The Dimage 7 performed very well in the macro category, capturing a fairly small minimum area of just 1.92 x 1.44 inches (48.76 x 36.57 millimeters), which is among the best we've seen. Detail and resolution are excellent, with very sharp details throughout the image. The printing on the dollar bill is very clear, as are the tiniest details of the coins. Color balance is a little warm, giving the gray background a reddish tint. The Dimage 7's built-in flash has a lot of trouble throttling down for this very tiny macro area, completely overexposing the image and washing out the color and details.

Throughout our testing, we were very pleased with the Dimage 7's performance. Resolution and detail are the highest of any camera we've tested to date, in over three years of testing. (May, 2001) The lens is very sharp, with very little chromatic aberration, and great corner sharpness. Exposure control is excellent, with great control over color, contrast, and sharpness. Macro and low-light performance are both excellent, leading us to think that the Dimage 7 is a good camera for just about any shooting situation. At an introductory price of $1,500, it clearly isn't a camera for the idle snapshooter, but if you're serious about your photography, the Dimage 7 should be at the top of your list for consideration. Very highly recommended.

UPDATE: 8/23/2001
Since this review was first written, we've gotten a production model to test, "lived" with the camera on our Alaska trip, and also seen some other new cameras that challenge the Dimage 7 pretty strongly. Here's where we end up, now that a few more months have gone by:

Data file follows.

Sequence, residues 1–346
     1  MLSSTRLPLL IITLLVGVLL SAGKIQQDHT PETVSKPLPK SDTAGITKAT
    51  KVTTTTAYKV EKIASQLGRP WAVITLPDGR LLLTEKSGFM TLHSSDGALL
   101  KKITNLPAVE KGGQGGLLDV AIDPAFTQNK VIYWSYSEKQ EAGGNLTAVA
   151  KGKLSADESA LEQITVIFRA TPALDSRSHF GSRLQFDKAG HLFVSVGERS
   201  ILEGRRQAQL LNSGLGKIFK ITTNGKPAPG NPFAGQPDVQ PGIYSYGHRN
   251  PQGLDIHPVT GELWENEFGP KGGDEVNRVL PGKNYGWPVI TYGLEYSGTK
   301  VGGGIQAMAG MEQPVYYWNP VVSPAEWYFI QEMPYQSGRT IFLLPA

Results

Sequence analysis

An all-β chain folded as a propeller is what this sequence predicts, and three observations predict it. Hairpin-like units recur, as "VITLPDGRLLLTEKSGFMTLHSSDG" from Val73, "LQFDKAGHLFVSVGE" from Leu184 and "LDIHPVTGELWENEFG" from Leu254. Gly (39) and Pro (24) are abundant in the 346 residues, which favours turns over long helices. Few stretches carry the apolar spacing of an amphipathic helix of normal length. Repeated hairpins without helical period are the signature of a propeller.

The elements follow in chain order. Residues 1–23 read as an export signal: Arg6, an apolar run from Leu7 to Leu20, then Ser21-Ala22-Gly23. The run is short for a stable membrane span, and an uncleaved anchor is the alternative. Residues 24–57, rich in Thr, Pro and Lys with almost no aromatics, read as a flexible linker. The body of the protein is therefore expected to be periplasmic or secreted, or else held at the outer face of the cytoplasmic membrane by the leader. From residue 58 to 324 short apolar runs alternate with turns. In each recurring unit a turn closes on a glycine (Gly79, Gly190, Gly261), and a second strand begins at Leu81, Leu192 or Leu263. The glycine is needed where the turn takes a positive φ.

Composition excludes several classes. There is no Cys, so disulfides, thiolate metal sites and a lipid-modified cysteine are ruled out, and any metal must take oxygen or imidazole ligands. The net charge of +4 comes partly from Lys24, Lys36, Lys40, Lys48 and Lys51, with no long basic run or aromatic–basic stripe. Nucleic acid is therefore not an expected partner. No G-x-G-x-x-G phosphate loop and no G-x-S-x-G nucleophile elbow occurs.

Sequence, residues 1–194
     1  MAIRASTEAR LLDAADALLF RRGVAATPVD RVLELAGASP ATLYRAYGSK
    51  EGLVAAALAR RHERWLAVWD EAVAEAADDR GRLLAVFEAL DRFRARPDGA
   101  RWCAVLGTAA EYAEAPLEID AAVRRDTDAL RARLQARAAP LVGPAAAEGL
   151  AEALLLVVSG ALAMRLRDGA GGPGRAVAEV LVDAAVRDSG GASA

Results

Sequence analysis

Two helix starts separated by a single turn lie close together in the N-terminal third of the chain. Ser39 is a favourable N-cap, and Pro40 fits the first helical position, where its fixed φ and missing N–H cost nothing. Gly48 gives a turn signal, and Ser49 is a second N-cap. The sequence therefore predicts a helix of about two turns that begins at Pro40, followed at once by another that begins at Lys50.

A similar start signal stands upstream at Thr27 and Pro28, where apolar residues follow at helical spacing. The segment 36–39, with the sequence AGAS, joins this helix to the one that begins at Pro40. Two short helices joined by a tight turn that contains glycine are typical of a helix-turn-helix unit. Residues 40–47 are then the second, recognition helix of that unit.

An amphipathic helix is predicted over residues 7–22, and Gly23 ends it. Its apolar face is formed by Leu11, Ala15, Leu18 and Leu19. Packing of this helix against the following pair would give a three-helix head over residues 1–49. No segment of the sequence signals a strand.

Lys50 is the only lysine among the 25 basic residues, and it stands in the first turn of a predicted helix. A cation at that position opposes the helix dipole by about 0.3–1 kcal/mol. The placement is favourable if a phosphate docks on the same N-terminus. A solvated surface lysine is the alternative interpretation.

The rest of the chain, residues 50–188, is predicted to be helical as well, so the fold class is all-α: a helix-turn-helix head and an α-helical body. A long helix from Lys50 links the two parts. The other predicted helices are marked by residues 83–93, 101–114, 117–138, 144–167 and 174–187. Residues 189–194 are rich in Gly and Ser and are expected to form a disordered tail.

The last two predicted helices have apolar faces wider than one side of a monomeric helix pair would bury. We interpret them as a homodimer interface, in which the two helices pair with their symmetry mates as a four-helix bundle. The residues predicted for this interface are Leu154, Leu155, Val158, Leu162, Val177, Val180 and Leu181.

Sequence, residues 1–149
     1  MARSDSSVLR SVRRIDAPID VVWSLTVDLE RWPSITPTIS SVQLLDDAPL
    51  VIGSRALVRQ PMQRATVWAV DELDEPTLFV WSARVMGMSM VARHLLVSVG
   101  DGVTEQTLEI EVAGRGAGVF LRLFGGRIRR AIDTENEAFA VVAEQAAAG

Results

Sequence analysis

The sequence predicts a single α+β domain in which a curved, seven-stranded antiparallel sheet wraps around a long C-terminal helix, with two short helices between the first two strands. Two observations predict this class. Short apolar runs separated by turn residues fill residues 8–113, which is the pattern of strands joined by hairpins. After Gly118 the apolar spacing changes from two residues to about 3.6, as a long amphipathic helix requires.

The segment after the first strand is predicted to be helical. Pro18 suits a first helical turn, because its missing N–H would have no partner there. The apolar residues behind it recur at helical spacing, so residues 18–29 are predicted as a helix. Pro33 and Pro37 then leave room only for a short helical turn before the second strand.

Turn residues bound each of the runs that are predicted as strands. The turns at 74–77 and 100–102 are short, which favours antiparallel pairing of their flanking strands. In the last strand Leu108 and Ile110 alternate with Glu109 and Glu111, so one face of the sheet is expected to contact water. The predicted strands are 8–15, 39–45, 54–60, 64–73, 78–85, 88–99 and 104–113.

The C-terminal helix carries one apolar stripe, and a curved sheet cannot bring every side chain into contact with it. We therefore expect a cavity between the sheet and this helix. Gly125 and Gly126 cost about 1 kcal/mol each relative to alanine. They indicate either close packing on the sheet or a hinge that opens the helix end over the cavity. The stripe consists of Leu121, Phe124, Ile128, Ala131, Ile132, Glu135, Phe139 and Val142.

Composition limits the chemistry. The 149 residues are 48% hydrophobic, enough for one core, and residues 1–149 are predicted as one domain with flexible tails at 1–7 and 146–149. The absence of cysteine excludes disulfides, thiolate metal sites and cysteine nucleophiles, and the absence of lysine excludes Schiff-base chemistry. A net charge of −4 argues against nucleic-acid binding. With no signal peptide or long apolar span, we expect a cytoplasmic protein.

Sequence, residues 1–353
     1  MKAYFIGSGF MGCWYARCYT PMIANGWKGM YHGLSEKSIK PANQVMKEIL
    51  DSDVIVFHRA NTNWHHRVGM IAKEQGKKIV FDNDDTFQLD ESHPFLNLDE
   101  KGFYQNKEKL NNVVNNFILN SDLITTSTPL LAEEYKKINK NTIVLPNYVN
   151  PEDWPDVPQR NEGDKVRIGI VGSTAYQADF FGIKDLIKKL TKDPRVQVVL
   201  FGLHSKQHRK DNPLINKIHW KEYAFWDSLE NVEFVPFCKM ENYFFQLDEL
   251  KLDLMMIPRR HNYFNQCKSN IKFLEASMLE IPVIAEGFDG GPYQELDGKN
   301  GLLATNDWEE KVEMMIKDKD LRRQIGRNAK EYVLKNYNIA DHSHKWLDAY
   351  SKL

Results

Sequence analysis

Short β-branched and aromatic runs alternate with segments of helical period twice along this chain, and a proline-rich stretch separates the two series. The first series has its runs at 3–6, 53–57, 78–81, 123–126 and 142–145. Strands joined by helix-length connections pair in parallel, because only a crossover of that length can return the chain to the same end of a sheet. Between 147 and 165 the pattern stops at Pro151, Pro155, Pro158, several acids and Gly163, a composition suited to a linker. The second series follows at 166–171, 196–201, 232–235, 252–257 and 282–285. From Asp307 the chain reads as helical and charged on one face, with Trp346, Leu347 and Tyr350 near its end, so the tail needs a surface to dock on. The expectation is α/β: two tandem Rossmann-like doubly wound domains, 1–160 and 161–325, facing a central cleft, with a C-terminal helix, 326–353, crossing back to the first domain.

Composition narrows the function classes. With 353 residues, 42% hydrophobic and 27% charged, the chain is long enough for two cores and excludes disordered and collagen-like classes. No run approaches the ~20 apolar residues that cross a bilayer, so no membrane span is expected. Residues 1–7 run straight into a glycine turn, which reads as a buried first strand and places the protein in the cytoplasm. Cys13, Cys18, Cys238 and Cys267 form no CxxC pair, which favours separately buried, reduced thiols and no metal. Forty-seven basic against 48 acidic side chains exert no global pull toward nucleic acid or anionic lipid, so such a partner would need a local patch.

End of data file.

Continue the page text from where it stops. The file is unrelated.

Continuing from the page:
1. We're still very impressed with the Dimage 7 - We still think it's a breakthrough product in a number of areas, including its lens (one of the best digicam lenses we've seen period, let alone a long-ratio zoom model) and the fine-grained control it gives you over color, exposure, and contrast. After using it in the field, we have even more appreciation for its control layout too, which is very functional, fast, and easy to get familiar with.

  2. It's no longer the holder of "highest resolution" honors, as newer cameras have equaled or surpassed it.

  3. Despite the fine-grained contrast and saturation control, we'd like to see improvements in the camera's basic exposure system. In high dynamic-range scenes (ranging from very light to very dark), it tends to overexpose the highlights somewhat, and we found it hard to correct for this without producing overly-dark images. Likewise, while we can get photos that we consider to be very pleasing by boosting the saturation two notches, we'd like to see the default color somewhat brighter.

  4. We're less carried away with the ferroelectric EVF than we were initially, although we still think it's the best EVF we've seen to date. Specific enhancements we'd like to see are more pixels (to provide better spatial resolution and avoid some of the "crackled" effect on scenes with fine detail), a better set of eyepiece optics, and less tendency to lose highlight detail.